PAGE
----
FIG. 3 shows an example of a storage arrangement and data contents of a set of program data (the Kth set) stored in ROM 10.

First of all, single-byte data DFC0 used for discriminating the functional block FC (for example, FC0) serving as a first transfer destination is stored in a starting address VK-1. Data LK0 obtained by adding 2 to the value of the data length (byte number) of the program data to be transferred to the first transfer destination is stored as two bytes (LK0H, LK0L) in the two subsequent addresses VK-1+1, VK-1+2.

Next, 2-byte data AD0 (AD0H, AD0L) showing the start storage addresses of the registers or memory to which program data is to be written in the first transfer destination (functional circuit is stored as transfer destination addresses in the next fourth and fifth addresses VK-1+3 and VK-1+4.

Program data to be loaded into the first transfer destination (functional circuit) is stored in addresses in single-byte units Da(1), Da(2), . . . across addresses ranging from the next sixth address VK-1+5 to the address corresponding to (program data length LK0.sup.□2).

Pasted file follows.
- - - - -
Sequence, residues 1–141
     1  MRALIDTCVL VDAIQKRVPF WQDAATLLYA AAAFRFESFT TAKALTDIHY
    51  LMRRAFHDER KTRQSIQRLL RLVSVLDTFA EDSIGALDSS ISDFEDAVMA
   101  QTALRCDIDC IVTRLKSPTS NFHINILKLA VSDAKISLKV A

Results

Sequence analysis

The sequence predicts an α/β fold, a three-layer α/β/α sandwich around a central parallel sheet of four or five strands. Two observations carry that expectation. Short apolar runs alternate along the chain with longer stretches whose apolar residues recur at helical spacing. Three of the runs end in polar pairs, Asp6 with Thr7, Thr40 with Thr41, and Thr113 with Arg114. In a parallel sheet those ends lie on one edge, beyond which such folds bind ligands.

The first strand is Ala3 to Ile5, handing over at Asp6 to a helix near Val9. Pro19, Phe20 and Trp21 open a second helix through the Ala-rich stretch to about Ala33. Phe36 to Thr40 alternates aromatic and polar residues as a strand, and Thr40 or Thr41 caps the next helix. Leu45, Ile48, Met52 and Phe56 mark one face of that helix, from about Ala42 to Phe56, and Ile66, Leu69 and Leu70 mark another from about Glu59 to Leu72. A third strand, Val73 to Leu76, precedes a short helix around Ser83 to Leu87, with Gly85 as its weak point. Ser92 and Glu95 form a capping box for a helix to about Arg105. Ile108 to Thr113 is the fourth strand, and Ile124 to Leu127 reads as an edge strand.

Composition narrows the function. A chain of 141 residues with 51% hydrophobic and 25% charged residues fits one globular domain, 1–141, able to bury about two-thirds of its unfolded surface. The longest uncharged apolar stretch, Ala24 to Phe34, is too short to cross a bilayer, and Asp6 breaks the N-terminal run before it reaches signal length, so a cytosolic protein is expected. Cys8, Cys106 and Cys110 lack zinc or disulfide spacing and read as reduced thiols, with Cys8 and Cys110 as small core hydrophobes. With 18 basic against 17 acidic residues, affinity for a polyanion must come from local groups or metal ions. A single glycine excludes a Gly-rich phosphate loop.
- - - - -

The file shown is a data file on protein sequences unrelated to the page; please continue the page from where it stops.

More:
As was described above, a first group of program data corresponding to the functional circuit serving as the first transfer destination is stored in consecutive storage addresses (VK-1, VK-1+1, VK-1+2, . . .) in the starting portion of a Kth set of program data.

The final address of the above-mentioned first group of program data is VK-1+LK0+3.sup.□1. In this formula, the third term, i.e., the constant 3, corresponds to the three addresses allocated to DFC0, LK0H, LK0L.

A second group of program data corresponding to a functional circuit serving as a second transfer destination is stored in the same format as the above-mentioned first group, starting from the address (VK-1+LK0+3) after this final address (VK-1+LK0+3.sup.□1). The program data length of the program data Db(1), Db(2), . . . which is to be transferred depends on the specifications or memory capacity of the program data storage means (memory or registers, etc.) at the second transfer destination.